The conversation then turns back to the original topic of whether virtue can be taught. In the course of this discussion, Socrates uses Meno’s slave to illustrate how we can believe we know something, but when we go into it further, we discover that we have been in error. The slave thinks he knows the answer, when put to its proof he discovers he was in error. Socrates establishes that the slave knows what a square is, then draws a square with two foot sides and the area of four square feet. Then he asks the slave how long a side would have to be in order for the square itself to contain eight square feet. The slave initially responds four feet, four being two times two and eight being two times four. However, when they look into it further and draw out the square with four feet they find that the area is actually sixteen square feet so the answer of four is incorrect. Next, the slave figures that three is half way between two and four just as eight is between four and sixteen so they put that theory to its proof and it also fails the test since a square with three foot sides has an area of nine square feet. In the course of this, Socrates points out to Meno that he is “not teaching the boy anything, but only asking him questions;” . As this progresses, he calls Meno’s attention to the slave pointing out that the boy is observing and remembering. At each step along the way Socrates calls upon the slave to remember what went before and apply that to the solution of the puzzle in order to determine what length side will yield a square with an interior of eight square feet. At one point Socrates points out to Meno, “what advances he has made in his power of recollection? He did not know at first, and he does not know now, what is the side of a figure of eight feet: but then he thought that he knew, and answered confidently as if he knew, and had no difficulty; now he has a difficulty, and neither knows nor fancies that he knows.” . Then they go back to the geometric figure with four-foot sides and an area of sixteen square feet. Socrates draws an interior square whose corners touch the center points of each of the sides. In this manner, they are able to create a square with four equal sides and an area of eight square feet thereby solving the puzzle. Once that is done, Socrates goes back through the steps the slave used to come to his answer and established that the slave used those steps to remember that he line that made up the square was the diagonal and that the diagonal was the square root of the square. The point of course that Socrates was making of course was not to find a square with an area of eight square feet; it was to illustrate how the slave used memory to arrive at the conclusion for himself and was not “taught” the answer by Socrates.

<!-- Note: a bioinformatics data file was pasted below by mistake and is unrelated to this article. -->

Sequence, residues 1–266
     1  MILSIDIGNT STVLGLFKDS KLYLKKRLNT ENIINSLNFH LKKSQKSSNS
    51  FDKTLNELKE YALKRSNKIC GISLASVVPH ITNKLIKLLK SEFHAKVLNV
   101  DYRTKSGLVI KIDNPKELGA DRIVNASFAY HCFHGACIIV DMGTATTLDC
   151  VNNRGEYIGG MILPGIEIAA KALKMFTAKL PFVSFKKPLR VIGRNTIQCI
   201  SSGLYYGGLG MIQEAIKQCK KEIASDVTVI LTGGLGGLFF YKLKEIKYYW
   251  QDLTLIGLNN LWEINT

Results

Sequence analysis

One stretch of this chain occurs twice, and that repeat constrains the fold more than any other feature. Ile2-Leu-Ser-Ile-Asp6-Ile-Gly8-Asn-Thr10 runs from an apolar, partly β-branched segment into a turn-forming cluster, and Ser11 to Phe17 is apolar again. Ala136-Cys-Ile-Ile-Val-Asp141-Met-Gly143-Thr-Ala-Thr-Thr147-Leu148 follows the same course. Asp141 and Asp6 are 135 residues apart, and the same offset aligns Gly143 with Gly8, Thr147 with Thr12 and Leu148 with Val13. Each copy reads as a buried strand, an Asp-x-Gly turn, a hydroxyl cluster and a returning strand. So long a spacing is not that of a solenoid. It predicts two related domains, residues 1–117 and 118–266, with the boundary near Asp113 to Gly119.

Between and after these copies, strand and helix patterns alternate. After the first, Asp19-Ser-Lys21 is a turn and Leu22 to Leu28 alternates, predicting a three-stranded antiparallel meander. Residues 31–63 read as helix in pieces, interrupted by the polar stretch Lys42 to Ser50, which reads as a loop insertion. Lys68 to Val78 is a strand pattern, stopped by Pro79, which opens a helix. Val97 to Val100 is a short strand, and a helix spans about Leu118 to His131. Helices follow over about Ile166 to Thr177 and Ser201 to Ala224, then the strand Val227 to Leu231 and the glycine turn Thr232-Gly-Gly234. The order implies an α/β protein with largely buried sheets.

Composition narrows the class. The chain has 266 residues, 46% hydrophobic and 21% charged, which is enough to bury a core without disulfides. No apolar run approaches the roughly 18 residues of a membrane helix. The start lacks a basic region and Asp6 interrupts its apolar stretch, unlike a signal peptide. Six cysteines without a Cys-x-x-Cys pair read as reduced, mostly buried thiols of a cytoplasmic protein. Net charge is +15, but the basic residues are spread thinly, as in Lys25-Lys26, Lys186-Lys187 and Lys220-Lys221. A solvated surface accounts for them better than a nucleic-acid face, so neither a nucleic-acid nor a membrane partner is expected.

We can call these lessons by Socrates into question. Socrates clearly led the slave in every step along the way illustrating the initial and second errors and the conclusion. However, the concept of aporia, or coming to know what one does not know was clearly established by this exercise. Socrates concludes the conversation on the topic of virtue with the following statement:
Plato. "Meno by Plato." 2012. Project Gutenberg. 14 09 2012
Stanford Encyclopedia of Philosophy. "Aristotle's Metaphysics." 11 06 2012. Stanford Encyclopedia of Philosophy. 06 09 2012